Anonymous said...

I was an inmate in Guelph Reformatory for 18 months in 1963-1964.I was 16 years old.I was sent there from Kenora,Ontario.A group of us were transported to various jails in south-eastern Ontario in what was called the "chain gang".We were handcuffed to another person and a chain was attached to several sets of handcuffs so there would be 10-12 people secured to each chain.We were then loaded on the Canadian Pacific passenger train that used to run through Kenora.The other passengers would stop and stare at us.If one of us wanted to use the bathroom we all had to go and maneuver through the aisle and take turns using the facilities.
The chain made stops for a week or two at Port Arthur and Sudbury where we dropped people off and picked up others.We eventually got to Toronto and we were dispersed by bus to our final destinations-in my case it was Guelph Reformatory.
Thank you,Dan G

Anonymous said...

I also did time there. In 1972, 1977-78 (on the ghost chain) did a bit and got parole, 83-84 another bit and parole. I worked two times at the Beef Centre.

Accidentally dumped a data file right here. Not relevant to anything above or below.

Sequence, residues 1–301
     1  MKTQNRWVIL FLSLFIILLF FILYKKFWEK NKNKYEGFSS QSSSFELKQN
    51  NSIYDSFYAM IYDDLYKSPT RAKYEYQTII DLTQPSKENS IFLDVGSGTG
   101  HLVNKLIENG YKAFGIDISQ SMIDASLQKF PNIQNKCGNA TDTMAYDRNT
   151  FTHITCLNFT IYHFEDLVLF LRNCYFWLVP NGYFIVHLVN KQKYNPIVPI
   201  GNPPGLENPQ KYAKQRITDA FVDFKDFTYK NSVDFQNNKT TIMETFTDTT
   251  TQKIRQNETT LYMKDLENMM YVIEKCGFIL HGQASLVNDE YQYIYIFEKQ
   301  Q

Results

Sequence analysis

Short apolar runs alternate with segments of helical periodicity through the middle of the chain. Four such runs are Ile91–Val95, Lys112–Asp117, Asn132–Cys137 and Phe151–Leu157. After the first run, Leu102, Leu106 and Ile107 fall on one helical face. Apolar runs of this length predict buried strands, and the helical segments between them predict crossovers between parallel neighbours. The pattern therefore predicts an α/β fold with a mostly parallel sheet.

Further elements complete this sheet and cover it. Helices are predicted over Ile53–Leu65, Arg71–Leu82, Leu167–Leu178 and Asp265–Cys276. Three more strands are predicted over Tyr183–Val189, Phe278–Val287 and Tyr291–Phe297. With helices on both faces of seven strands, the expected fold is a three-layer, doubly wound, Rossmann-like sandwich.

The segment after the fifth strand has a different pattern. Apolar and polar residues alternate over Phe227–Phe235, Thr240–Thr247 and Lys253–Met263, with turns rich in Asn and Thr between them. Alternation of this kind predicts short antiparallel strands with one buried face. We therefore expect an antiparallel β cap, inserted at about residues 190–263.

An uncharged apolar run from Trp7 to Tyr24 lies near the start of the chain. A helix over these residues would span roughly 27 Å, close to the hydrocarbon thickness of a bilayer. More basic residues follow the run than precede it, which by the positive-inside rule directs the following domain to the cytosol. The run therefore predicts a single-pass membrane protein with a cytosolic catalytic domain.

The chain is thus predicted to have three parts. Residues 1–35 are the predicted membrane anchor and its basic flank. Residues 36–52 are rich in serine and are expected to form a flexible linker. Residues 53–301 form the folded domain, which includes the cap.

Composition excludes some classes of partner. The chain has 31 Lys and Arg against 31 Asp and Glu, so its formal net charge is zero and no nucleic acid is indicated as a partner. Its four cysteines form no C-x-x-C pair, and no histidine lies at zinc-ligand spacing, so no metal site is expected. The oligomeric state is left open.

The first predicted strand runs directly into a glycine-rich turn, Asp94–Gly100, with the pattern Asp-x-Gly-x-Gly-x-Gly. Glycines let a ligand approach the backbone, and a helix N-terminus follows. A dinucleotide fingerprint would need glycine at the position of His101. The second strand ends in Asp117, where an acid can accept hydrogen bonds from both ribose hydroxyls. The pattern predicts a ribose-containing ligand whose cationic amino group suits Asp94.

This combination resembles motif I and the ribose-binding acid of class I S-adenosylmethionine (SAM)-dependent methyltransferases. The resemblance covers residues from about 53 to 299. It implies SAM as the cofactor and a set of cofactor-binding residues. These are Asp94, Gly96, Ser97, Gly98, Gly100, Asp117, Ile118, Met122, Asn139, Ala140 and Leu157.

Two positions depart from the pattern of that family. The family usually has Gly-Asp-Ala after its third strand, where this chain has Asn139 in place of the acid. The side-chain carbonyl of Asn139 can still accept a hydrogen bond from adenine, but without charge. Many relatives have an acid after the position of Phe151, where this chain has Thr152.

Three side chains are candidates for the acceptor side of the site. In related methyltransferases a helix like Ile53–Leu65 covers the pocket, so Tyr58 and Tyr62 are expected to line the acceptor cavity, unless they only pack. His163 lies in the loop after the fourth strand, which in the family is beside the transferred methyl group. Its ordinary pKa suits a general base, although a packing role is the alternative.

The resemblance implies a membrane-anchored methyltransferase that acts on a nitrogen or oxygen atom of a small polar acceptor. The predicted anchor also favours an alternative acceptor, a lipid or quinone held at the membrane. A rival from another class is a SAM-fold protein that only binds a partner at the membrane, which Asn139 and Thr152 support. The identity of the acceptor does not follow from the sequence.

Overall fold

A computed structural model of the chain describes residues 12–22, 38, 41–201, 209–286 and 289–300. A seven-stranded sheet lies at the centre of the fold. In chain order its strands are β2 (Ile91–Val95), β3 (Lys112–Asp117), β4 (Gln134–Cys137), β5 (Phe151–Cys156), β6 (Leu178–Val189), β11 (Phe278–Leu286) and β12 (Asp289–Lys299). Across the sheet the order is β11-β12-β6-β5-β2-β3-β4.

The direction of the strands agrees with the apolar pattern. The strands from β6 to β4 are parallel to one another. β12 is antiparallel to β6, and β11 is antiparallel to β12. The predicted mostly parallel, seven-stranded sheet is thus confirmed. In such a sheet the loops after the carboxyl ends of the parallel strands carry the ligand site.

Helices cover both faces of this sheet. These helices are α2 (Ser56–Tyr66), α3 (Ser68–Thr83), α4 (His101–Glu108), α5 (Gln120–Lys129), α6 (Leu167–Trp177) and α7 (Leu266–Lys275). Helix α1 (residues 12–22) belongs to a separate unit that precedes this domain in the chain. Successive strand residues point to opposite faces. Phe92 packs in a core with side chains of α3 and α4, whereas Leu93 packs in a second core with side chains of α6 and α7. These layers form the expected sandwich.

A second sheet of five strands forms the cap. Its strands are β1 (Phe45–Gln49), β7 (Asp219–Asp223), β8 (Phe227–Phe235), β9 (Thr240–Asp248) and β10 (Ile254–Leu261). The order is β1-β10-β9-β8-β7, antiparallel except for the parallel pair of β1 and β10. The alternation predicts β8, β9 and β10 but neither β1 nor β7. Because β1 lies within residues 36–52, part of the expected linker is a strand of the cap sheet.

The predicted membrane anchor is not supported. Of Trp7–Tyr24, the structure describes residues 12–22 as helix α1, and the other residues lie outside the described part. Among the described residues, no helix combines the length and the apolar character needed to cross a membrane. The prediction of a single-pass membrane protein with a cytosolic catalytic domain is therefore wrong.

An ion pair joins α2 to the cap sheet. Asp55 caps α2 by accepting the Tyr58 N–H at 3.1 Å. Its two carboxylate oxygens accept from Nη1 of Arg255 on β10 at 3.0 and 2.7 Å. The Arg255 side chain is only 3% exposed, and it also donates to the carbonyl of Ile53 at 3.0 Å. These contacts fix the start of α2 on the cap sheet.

In 84 I decided to finally go straight, got a pardon eventually, and now married to CSC physiologist.
ORG or GCC had a positive effect on my life and I am sorry to see it closed. It did what it was intended to do, closing it because inmates can not be electronically monitored is a piss poor excuse.

Bernard Wolf said...

Yep, I was there for 10 months in 1967. Don't let the word 'reformatory'fool you as it was a tough scary place for a 'wiffle'. Wheels like Tony General and Ray Miracle, Blackie and their 'sweet kids'.. don't wear your front teeth if you still have them. I worked in the Staff Cafeteria cooking for the guards.. about as good a job as you could have, seven days a week and all you could eat!